Yesterday, $50 million worth of ether (ETH) was lifted from South Korean crypto exchange UPbit. Today those funds have started moving.
According to blockchain security research firm Pecksheild, out of the 342,000 ETH compromised, around 340,000 ETH have so far been split between four new Ethereum addresses, as the hacker tries to diversify the funds.
Even more, some of the funds have been sent to crypto exchanges Binance and Huobi. Chiachih Wu, cofounder of blockchain security company PeckShield—which is helping UPbit to track the funds—told Decrypt that less than one ETH had been sent to the exchanges. He added that the hacker was most likely testing the waters, to see if the exchanges would block the funds or let them cash out.
Binance CEO Changpeng Zhao has already said the exchange will block any funds that land at his exchange. He vowed to “work with UPbit and other industry players to ensure any hacked funds that may make their way to Binance are immediately frozen.”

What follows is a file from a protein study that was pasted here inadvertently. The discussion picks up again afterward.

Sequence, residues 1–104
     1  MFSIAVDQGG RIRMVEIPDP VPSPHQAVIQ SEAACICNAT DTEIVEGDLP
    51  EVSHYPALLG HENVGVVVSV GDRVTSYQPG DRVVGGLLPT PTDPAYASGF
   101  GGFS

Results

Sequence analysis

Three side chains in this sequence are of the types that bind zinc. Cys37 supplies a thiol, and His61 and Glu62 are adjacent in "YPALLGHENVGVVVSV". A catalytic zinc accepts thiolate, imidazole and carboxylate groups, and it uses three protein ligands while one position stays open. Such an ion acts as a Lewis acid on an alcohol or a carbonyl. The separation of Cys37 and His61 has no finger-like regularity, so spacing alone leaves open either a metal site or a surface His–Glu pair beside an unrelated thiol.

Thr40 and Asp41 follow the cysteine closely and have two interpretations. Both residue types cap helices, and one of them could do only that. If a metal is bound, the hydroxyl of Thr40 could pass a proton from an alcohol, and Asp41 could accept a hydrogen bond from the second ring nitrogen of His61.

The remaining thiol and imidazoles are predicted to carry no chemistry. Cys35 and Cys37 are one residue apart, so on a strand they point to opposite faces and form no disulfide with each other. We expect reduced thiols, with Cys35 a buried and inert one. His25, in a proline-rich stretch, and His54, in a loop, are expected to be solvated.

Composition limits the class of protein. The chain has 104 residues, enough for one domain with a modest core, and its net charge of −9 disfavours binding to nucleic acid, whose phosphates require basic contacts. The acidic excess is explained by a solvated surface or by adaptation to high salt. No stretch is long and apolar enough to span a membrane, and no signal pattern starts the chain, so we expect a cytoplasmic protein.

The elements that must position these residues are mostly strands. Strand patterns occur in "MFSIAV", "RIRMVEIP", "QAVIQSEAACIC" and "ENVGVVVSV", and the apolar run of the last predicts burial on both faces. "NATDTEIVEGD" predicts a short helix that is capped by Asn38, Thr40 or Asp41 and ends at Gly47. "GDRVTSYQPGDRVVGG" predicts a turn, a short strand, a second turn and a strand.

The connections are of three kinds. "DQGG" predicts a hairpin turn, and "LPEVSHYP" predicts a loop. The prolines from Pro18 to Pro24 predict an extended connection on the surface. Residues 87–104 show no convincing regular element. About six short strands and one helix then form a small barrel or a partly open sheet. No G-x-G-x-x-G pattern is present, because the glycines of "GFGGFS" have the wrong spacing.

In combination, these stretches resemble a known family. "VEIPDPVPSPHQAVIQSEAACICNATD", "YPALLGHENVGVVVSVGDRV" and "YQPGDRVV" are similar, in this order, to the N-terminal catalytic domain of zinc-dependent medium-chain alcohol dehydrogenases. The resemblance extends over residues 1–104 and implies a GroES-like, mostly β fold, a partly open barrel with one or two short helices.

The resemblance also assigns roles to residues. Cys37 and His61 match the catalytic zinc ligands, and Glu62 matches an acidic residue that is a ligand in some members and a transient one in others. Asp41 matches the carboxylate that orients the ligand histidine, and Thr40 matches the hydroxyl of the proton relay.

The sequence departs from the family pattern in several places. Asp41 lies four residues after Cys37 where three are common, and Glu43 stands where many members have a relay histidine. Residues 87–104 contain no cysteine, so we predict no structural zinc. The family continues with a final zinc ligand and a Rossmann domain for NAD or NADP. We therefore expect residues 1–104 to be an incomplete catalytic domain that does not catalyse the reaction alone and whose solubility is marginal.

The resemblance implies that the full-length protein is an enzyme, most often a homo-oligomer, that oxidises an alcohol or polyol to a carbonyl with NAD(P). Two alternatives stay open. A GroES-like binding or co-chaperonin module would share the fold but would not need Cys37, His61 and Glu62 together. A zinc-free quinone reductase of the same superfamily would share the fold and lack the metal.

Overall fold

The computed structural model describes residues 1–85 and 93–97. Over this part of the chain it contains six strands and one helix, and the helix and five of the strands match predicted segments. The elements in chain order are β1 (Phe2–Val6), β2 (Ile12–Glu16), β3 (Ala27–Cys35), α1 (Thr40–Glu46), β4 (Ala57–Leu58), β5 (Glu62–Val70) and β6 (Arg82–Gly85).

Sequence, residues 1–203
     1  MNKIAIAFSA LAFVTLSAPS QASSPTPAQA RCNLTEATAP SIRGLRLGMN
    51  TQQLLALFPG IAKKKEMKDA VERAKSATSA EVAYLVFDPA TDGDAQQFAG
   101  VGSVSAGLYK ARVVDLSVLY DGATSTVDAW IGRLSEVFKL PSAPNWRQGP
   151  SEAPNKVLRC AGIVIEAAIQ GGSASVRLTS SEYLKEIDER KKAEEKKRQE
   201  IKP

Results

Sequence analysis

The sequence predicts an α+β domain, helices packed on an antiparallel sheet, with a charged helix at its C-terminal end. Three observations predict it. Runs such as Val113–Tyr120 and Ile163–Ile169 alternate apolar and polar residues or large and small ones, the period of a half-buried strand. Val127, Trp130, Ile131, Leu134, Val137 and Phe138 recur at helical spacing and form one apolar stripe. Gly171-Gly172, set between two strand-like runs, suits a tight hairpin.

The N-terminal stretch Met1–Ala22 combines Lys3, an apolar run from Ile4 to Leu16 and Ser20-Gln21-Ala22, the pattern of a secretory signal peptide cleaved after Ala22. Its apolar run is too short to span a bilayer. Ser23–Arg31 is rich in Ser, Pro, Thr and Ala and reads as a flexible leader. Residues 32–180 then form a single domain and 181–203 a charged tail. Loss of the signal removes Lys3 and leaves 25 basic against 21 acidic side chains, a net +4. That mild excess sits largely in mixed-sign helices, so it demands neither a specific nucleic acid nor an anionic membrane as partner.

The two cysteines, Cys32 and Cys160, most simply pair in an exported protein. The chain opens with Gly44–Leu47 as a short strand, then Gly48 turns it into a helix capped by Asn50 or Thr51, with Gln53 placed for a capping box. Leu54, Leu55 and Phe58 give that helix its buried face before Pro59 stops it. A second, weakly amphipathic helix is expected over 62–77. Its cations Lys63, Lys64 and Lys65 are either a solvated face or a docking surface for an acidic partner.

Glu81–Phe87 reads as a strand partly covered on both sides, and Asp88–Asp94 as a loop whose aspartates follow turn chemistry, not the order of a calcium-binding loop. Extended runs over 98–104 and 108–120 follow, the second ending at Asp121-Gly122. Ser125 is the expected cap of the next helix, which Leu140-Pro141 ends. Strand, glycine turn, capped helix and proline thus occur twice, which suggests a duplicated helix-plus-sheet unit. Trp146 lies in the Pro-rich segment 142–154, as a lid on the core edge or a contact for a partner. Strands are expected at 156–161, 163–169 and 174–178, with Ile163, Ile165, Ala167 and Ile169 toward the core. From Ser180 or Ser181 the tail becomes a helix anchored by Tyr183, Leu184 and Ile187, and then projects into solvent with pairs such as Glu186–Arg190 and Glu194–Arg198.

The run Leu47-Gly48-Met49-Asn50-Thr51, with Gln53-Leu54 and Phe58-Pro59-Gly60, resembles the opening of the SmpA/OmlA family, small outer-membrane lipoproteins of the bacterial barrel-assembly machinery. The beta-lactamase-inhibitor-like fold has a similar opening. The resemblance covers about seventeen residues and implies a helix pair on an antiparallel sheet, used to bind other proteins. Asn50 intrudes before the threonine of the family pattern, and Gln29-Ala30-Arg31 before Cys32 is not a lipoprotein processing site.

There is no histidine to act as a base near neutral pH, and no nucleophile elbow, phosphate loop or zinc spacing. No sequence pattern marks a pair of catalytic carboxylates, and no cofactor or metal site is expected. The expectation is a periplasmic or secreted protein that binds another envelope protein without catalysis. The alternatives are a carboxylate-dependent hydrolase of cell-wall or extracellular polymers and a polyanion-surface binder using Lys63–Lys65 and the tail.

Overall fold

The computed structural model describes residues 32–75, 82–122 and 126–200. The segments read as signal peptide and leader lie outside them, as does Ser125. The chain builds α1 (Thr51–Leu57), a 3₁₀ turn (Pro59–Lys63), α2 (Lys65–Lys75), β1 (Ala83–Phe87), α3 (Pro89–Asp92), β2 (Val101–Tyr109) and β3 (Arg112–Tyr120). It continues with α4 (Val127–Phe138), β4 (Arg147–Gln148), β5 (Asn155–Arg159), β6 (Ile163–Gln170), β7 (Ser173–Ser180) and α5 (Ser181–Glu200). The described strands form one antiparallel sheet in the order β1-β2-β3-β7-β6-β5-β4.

It’s not just Pecksheild who is looking to track these funds. Decrypt reported yesterday that a number of people were sending messages and small amounts of ether to the hacker’s Ethereum wallet. It’s likely they’re doing so in order to track any further movement of the stolen funds—a technique known as a dusting attack.
When asked about this Wu said, “Lots of people sent dust. It might help but we have our own database and tool to track, we don’t need dust.”
Experience Web 3.0.
Be the first to get Decrypt Members. A new type of account built on blockchain.
The issue of moving the stolen money has caused a few worries in the crypto community. Zhao said he would be unable to stop the hacker cashing out on Binance’s decentralized exchange because there are no accounts. Similarly, some questioned whether the hacker might start using DeFi protocols to swap the illegally gained coins for others.
Maybe, in stopping the movement of these funds, centralized exchanges have their uses and don’t need to burn in hell after all.